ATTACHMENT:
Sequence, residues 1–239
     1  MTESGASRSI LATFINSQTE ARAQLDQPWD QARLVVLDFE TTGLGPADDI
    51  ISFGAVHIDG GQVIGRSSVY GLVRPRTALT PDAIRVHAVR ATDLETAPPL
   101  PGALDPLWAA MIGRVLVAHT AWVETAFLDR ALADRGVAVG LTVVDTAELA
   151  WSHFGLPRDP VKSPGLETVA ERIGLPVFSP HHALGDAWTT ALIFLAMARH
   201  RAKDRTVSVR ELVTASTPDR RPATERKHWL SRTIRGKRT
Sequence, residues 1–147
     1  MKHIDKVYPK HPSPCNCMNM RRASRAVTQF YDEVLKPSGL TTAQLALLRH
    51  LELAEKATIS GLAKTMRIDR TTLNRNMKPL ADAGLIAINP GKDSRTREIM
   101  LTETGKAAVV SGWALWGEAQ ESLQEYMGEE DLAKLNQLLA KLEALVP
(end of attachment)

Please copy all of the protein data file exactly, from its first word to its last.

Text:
Sequence, residues 1–239
     1  MTESGASRSI LATFINSQTE ARAQLDQPWD QARLVVLDFE TTGLGPADDI
    51  ISFGAVHIDG GQVIGRSSVY GLVRPRTALT PDAIRVHAVR ATDLETAPPL
   101  PGALDPLWAA MIGRVLVAHT AWVETAFLDR ALADRGVAVG LTVVDTAELA
   151  WSHFGLPRDP VKSPGLETVA ERIGLPVFSP HHALGDAWTT ALIFLAMARH
   201  RAKDRTVSVR ELVTASTPDR RPATERKHWL SRTIRGKRT
Sequence, residues 1–147
     1  MKHIDKVYPK HPSPCNCMNM RRASRAVTQF YDEVLKPSGL TTAQLALLRH
    51  LELAEKATIS GLAKTMRIDR TTLNRNMKPL ADAGLIAINP GKDSRTREIM
   101  LTETGKAAVV SGWALWGEAQ ESLQEYMGEE DLAKLNQLLA KLEALVP